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‘A Greedy Peasant’ by Alexander Ertel ****

Russian author Alexander Ertel’s novella, A Greedy Peasant, has recently been published by Zephyr Books, an imprint of Michael Walmer Publishers. I have been a huge fan of Russian literature since my teens, and jump at the chance to try out any new-to-me Russian authors, of which Ertel was one. That his work was ‘greatly admired’ by Tolstoy is reason enough to pick one of his books up.

Originally written in 1886, the 1929 English translation, which appears in this version, was completed by Ertel’s daughter, Natalie Duddington. A Greedy Peasant is described by the publisher as ‘a moral fable distinguished by its lucid colour and realistic detail’, which immediately intrigued me.

A Greedy Peasant takes as its focus two brothers named Ivan and Yermil, who live in a rural region of Russia – a village rather grandly named Great Springs – and could not really be more different in their approaches to life. Ivan is largely content with his lot, putting in a great deal of effort on the family farm for not much reward. Yermil, however, has ‘dreams of improvement’; he is desperate to make his fortune, and ‘escape the drudgery of the peasant round’. The third brother, Onisim, is killed early on in the novella, a victim of conflict. His wife and young children become dependent on Ivan and Yermil. The family is ‘just made both ends meet, and that was all. They never had to buy bread and they had two ploughs… But there was nothing to spare.’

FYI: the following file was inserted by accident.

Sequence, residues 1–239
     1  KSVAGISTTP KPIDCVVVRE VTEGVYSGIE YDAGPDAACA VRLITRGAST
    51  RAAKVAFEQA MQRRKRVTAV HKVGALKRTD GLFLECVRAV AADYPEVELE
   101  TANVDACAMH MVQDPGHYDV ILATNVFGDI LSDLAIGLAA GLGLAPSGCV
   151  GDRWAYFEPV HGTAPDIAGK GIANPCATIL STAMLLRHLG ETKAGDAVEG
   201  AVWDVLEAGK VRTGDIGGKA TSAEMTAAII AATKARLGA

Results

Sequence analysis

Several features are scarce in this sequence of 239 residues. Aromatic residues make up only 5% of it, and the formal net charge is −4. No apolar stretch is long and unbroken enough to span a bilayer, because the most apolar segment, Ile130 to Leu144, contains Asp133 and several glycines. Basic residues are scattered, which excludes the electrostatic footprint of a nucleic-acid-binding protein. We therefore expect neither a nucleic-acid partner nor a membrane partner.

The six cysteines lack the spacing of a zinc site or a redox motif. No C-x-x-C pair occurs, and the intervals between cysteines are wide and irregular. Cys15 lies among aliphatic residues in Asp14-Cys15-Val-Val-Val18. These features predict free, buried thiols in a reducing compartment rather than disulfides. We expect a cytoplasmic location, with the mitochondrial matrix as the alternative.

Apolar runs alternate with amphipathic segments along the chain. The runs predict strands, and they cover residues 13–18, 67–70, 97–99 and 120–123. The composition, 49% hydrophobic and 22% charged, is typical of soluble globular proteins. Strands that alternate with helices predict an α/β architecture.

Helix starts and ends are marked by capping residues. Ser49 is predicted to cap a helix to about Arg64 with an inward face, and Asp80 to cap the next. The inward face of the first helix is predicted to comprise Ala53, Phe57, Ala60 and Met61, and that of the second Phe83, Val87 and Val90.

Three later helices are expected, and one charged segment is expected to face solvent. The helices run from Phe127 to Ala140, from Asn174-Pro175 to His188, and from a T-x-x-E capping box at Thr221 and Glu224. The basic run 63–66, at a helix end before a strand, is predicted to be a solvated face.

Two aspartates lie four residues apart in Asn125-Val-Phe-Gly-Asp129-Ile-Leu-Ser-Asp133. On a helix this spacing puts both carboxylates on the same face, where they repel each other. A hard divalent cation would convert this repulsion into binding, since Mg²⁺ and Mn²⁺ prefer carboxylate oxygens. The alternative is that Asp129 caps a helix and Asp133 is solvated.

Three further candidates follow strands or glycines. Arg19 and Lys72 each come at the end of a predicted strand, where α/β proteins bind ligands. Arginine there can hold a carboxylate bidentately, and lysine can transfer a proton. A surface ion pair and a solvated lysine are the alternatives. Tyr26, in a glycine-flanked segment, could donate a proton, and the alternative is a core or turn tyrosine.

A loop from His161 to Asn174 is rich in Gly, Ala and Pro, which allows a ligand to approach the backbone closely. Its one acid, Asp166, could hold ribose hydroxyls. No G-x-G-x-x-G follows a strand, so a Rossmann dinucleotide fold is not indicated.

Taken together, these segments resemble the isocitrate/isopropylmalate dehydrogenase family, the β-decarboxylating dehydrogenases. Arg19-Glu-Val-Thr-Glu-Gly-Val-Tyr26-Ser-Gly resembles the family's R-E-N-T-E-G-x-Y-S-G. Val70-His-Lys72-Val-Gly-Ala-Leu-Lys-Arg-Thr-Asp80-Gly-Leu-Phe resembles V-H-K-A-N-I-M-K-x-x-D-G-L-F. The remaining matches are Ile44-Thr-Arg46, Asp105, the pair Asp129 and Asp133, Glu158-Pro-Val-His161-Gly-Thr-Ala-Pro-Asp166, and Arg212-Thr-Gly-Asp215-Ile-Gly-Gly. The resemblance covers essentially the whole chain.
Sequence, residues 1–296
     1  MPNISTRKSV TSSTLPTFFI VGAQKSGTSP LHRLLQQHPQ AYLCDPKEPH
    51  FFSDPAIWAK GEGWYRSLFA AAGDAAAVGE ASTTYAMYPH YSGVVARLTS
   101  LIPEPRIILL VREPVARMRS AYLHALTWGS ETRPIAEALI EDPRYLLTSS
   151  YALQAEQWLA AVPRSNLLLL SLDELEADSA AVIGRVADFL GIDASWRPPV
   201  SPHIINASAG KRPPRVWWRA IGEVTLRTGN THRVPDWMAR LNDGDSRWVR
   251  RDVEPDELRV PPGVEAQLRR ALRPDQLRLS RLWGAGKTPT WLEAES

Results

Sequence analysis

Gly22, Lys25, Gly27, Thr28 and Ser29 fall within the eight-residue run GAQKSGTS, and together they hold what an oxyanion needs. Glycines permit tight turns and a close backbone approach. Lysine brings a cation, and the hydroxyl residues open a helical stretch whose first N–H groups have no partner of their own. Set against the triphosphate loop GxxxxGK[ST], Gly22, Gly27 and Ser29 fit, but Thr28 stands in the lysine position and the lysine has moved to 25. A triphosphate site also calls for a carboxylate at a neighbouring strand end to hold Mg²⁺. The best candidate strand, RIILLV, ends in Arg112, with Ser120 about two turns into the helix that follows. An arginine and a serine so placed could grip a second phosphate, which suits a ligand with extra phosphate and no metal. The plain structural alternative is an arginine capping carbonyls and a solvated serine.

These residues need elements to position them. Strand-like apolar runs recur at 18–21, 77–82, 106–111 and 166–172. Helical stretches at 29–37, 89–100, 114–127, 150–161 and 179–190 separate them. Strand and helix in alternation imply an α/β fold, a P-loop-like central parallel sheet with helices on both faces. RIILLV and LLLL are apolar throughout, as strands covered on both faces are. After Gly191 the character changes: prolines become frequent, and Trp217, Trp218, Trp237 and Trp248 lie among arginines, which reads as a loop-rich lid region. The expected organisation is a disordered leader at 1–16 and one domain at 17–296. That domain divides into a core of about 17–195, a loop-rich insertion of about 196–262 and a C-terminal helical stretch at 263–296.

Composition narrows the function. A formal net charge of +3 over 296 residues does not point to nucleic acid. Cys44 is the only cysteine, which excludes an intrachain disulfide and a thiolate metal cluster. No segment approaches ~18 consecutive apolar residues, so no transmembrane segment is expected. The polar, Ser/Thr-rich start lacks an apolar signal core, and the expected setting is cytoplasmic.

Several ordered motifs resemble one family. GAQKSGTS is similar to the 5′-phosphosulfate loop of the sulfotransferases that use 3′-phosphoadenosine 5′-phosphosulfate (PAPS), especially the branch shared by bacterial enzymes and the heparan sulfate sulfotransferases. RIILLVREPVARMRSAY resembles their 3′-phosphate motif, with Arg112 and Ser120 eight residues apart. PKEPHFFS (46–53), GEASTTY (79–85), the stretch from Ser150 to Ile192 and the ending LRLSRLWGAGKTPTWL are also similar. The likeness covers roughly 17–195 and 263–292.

Yermil finds employment with a rich merchant in the local town. This merchant proves to be a ‘good master’ who ‘on holy days treated him to a glass of vodka’. His health improves alongside his wealth, but as his greed grows, everything begins to fall apart. Ertel writes: ‘At first he had grown fat on the good food he had at his master’s: his cheeks stood out, his neck was like a bear’s and the coat he had brought with him from home hardly met round the waist: when he tried to fasten it the buttonholes gave way. But now his thoughts made him grow thin; he looked sallow and his eyes were sunken. He could not master his greed.’

Ivan and his family spiral further into poverty whilst Yermil gives them barely a second thought. Stoic Ivan, though, tries to teach his brother lessons about what really matters, and to make him grateful for what he already has. When Yermil has to move back to the farm for a period, he seems ‘like a stranger in the house; it was as though he had returned from the town another man.’ Here, Ivan tells him, rather wisely: ‘You mustn’t look at other people, but live as good men do.’ Of course, Yermil takes no notice.

On his return to the town, Yermil becomes seethingly jealous of his master’s lifestyle. Perhaps inevitably, a day comes when Yermil is presented with an ‘horrifying opportunity’ to improve his life; he takes it, but ‘little does he realise that this dreadful secret action will set in motion a train of events which will end in catastrophe.’

Ertel’s prose is simple yet effective, and the emotional consequences build as the story progresses. I very much enjoyed the repeated descriptions, which somehow became more chilling as they went on: ‘The sky was white, the fields were white, sign-posts were stuck in the snow to mark the road, the sledge runners creaked in the frost.’ This use of repetition shows that although the lives of some of the protagonists change irrevocably, little perceptively does in the grander scheme of things.

A Greedy Peasant is a perceptive story, which is sure to appeal to anyone already interested in Russia, or who is wanting to try something a little different to their usual reading fare. There are a lot of important themes at play within A Greedy Peasant, and although some of these are relatively briefly explored, it sets a precedent for what one can expect from Russian literature of the nineteenth-century.

Ertel’s novella is easy to read, but provides a lot of food for thought. In the way of morality tales, The Greedy Peasant moves along well. A lot of cultural detail can be found throughout the book, and I am keen to try some of Ertel’s longer works – and soon – to see how they compare.